By Ndidi Chukwu
Pilot project of sponsored Geographical Information System (GIS) by the Bill and Melinda Gates Foundation accessing the variations in population growth in two states in Nigeria for the past three years may gain full recognition by the Nigerian Government and adopted in the 36 states of the country as a population census model in the future.GIS estimates population of a particular settlement using high revolution satellite imagery and micro census data, which could be used alongside existing demographic survey information systems.
In effort to reach rural communities in Nigeria with its immunisation programme, the National Primary Health Care Development Agency (NPHCDA) with the Bill and Melinda Gates Foundation partnered on an approach to produce population estimates of settlements and communities using this geographic information system technology to ascertain its use in Nigeria. A trial project in Kano and Kaduna States found that the two states have since the last 2006 national census in Nigeria, experienced additional three percent growths in population from 2006 to 2015.
In Kano State, the National Census of the 2006 projected about 12, 568,289, for the State population by 2015, but the GIS data finds 13,650,480 people in the State while Kaduna State as at the last Census projected 7, 915,487 by 2015, GIS reports 9,332,449 people in the state. While Kaduna had 8.6% change from the population census projection, Kano had 17.9% changes if analysed from the report of GIS.
For analysis of population of children below five years who will be eligible for vaccination, Kano State for the 2006 national census projected a population of 2,513,658 children while GIS projected 2,339,394 indicating a 6.9% change. For Kaduna 1,583,097 children were projected to be in the State but GIS reports 1,758, 185 which indicates an 11.1 % change.
“Using high resolution satellite imagery along with micro census, we have developed an approach that is independent of census or other administrative data to reasonably estimate population within plus or minus 15 percent. We have tested this model in Northern Nigeria, using the rich GIS set available to the polio programme” said Executive Director of NPHCDA Dr. Ado Muhammad represented by the Agency’s Director Advocacy and Communications, Dr. Nuhu Adamu.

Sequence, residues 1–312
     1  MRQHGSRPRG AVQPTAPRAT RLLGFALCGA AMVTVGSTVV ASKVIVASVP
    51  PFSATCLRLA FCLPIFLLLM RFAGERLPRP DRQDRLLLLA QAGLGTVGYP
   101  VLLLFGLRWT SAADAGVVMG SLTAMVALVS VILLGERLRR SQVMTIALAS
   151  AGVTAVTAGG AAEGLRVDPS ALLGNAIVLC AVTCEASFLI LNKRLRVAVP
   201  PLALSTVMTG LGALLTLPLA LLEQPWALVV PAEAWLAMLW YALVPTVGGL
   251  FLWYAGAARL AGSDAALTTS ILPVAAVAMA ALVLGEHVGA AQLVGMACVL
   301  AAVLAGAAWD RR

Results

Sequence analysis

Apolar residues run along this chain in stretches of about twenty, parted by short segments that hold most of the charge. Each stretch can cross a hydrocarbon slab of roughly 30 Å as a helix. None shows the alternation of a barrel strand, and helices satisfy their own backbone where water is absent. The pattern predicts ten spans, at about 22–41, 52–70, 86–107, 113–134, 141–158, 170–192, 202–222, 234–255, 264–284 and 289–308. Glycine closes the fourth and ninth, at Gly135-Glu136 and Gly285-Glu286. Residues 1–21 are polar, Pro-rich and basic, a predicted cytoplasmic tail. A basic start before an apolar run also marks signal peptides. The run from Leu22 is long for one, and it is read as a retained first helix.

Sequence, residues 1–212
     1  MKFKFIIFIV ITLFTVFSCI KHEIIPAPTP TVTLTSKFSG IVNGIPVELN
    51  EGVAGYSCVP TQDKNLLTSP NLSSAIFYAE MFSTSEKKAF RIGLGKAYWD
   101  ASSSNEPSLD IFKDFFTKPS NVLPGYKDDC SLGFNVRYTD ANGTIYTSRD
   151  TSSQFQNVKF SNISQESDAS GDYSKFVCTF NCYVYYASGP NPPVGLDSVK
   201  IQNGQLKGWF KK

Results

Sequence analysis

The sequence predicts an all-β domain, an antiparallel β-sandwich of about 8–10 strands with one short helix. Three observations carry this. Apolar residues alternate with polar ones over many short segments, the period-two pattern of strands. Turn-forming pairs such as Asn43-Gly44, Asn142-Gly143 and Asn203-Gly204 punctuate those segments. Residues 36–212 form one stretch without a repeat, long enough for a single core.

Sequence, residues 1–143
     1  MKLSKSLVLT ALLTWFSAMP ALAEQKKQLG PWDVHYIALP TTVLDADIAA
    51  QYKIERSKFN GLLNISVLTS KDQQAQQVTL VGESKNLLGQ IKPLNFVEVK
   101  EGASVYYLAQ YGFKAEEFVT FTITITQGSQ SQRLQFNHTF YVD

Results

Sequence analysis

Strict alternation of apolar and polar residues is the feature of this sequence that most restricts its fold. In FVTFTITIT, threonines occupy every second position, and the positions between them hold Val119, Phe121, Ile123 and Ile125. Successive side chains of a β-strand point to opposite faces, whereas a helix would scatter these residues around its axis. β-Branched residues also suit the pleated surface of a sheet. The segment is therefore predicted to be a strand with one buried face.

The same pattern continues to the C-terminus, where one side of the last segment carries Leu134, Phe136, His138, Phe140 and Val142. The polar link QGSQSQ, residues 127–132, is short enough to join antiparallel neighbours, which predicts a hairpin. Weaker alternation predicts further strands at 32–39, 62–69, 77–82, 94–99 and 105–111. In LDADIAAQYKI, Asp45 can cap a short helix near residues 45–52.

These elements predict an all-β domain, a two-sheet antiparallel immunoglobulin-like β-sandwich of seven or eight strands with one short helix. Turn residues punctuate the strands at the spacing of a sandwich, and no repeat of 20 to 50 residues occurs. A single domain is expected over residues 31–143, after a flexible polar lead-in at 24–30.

He said the GIS tool will help the agency to understand if it has been under estimating its immunisation targets or over estimating it over the years, and also help in identifying some missing settlements needed to be covered during immunisation programmes.
“This is what we need, to work better as an agency in the States, Local Governments and wards, it may not be very relevant to us at National level, but for grassroots we are certain this will work, the only challenge we could predict is how state primary health care agency can work with the new model. It will also be good to estimate the average cost of vaccination and target before planning and purchase is done” Adamu said.
Dr Vincent Seaman of Bill and Melinda Gates Foundation while presenting the GIS report to Stakeholders, NPHCDA, FMoH and Development Partners said “the GIS is more accurate because it comes from the pixels which are quite clear and can help get accurate data which will help in planning for the health sector, the model is open to the public to access and use as a tool for population model, we want to build something that will work everywhere not just a Nigerian solution but it is good it worked as expected in Nigeria” said Seaman
GIS according to Seaman was developed to help developing countries in achieving results in their population data modelling “census demographic data on most developing countries are not recent and often unreliable” Seaman said the GIS will help to locate the settlements that are not captured “the formal and informal settlements” during immunisations to ensure that no eligible child is missed.
Also commenting on the GIS model, Dr. Ben Ayene, Chairman National Immunisation Financing Task Team, said the tool is good for programme and planning, but questions the preparedness for its use in policy development and planning
“it is already out, if we don’t use it people will use it for us, we must not forget that the model is open and accessible to the public, we should be worried about how to scale it up to other states of the federation, as also believe it could make funding and management easy to the NPHCDA” Ayene said.